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In the world of traveling therapists, everybody has a story. Deciding to take temporary contracts across the country when you could easily have a stable job in one location seems crazy and it is not for the faint of heart. It is not just something that you wake up and decide to do. For me, becoming a traveling speech therapist just kind of happened.
For some, it is all about the money. Money to pay off loans, save for a house, and to have financial independence.
Yet for others, it’s all about the adventure. Wanting to see the country, traverse mountains, and work at new places.
We all have a story and a “why”.
So, why did I become a traveling speech therapist?
From online forums to casual conversations, healthcare travelers love to share their “why” and “how” they got into this crazy subset of the healthcare world. When I listen to other people’s stories I am often reminded of “How I Met Your Mother” because the stories are often long, with a million different avenues and stories within the story.
I rarely tell my own story of how I became a traveling speech therapist because frankly, I think it is a dull story. I mean come on, after years of globetrotting I have some really good stories that could keep you much more entertained. However, I will give this a try.
To be brief, if somebody asks me why I went into travel therapy I usually say “For the adventure of it”.
Ultimately reflecting back to that time in my life, I was bored in my current position. I could not afford to do what I really wanted to do (travel), which is how I ended up where I am today.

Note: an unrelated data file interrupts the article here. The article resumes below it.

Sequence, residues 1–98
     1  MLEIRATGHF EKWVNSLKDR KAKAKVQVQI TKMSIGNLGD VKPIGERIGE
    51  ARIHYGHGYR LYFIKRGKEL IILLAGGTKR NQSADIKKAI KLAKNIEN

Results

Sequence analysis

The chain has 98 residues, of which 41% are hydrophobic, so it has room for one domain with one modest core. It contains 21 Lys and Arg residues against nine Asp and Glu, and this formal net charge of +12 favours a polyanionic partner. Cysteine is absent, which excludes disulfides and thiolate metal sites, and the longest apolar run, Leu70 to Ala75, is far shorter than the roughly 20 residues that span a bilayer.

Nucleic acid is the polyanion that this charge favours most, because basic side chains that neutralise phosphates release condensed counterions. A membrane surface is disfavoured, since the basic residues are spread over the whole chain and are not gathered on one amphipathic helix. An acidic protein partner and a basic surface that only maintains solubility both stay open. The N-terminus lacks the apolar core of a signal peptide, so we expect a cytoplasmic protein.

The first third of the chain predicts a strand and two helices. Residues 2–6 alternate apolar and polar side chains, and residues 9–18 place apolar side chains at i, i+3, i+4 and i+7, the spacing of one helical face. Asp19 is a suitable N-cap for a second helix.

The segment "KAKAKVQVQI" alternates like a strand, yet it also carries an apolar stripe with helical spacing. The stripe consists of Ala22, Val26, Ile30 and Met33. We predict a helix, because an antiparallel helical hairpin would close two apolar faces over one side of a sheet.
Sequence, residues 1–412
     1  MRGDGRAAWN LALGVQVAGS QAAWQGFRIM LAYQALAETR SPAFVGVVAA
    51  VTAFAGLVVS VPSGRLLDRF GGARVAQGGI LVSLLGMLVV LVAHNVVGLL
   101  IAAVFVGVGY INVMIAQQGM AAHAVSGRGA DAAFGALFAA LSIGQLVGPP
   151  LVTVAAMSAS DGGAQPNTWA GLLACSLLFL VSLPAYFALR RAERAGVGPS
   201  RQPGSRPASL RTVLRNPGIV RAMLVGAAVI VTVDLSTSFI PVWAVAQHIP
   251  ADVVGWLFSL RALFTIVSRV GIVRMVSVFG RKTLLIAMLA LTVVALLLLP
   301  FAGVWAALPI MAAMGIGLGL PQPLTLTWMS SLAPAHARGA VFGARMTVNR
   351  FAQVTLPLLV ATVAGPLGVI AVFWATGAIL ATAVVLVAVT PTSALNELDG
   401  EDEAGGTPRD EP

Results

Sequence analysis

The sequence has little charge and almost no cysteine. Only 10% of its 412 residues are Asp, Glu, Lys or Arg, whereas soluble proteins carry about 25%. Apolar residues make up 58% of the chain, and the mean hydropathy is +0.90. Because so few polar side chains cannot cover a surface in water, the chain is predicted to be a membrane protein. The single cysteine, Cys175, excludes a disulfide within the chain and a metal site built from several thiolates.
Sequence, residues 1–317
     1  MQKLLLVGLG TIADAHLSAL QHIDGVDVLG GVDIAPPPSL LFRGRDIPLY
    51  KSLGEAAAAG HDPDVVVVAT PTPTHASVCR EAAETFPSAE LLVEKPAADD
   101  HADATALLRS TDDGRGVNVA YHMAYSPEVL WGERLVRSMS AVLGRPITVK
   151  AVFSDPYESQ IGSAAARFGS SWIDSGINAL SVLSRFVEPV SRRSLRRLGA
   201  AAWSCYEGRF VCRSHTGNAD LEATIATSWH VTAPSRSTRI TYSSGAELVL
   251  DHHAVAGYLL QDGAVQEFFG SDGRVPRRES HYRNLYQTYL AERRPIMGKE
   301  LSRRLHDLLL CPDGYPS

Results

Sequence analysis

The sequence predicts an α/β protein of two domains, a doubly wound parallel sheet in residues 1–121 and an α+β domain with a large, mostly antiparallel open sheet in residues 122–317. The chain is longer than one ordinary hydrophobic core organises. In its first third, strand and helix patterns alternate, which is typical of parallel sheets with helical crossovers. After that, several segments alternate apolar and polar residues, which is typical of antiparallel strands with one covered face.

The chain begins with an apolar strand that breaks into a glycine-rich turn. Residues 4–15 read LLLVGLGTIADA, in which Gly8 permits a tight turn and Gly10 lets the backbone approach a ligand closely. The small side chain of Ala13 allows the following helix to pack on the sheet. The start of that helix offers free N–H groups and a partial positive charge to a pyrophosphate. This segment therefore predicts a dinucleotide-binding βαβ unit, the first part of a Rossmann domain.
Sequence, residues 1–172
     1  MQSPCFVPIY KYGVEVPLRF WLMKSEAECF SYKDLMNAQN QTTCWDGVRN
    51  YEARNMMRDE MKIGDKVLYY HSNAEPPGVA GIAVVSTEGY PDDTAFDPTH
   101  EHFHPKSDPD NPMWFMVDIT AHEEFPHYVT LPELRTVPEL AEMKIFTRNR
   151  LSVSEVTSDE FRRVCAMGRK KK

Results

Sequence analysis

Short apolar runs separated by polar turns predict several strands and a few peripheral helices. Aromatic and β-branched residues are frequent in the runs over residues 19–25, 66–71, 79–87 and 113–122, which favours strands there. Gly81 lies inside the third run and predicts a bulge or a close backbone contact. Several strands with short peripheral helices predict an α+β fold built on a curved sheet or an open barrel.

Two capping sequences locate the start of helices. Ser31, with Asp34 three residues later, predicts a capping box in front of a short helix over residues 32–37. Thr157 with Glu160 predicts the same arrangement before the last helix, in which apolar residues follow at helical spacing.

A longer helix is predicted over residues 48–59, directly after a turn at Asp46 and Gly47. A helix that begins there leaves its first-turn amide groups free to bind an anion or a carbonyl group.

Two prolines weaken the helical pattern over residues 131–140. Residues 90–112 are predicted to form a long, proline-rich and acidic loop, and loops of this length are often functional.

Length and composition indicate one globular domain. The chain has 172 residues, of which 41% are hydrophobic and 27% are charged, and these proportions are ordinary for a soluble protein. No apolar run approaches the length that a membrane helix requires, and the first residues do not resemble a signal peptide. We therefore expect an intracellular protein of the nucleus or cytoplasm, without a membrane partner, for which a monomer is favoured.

The Cliffs Notes version of this story is that I was broke and bored.
So here’s the story…
As a graduate student in Speech Pathology,f I had no intention of becoming a traveling speech therapist. I knew that I wanted to work in a geriatric setting but other than that I was open to possibilities. My dream job was to work in a high paced, acute medical setting. However, as a new graduate looking for work in the greater Boston area with stiff competition for jobs, I knew my dream would not be a reality anytime soon.
I got my first job as a speech therapist at an SNF. The offer came the day after I graduated with my Master’s Degree from Emerson College. That day sticks in my memory because my parents were in Boston to celebrate my graduation. We were in the middle of a tour at Sam Adams Brewery when I got the call. I politely excused myself from the tour to answer the phone and jumped up and down while quietly screaming as I gave the verbal agreement to accept my first “real job” offer. I was so excited!
When I accepted my first job offer, I honestly thought that it could be my forever job. I
But what did I do next with my new found career and promise of income?
You would think that with two years worth of graduate student loans from a private college that I would have gotten right to work and started bringing in a paycheck. However, that did not happen.
I asked the HR representative what was the latest possible date that I could start the new job. When she said the latest date was in six weeks, I said good, that is exactly the date when I will start. I then hung up the phone, took the money that I received as graduation gifts, and the credit card that Bank of America so kindly issued me and booked myself a ticket to Europe. Two weeks later I went alone on my first international flight, toured five countries, and returned home with 48 hours to spare before I started my first real job.
That trip to Europe was the first time that I went abroad in my life and the first time I traveled solo. It was the cliche life-changing travel experience that you hear so many people writing about. I know this sounds very basic to say, but that trip opened my eyes to the world. For the first time in my life, I truly left my comfort zone and got to experience the freedom and joy of travel. I was immediately addicted and needed more.
The First Year Of Work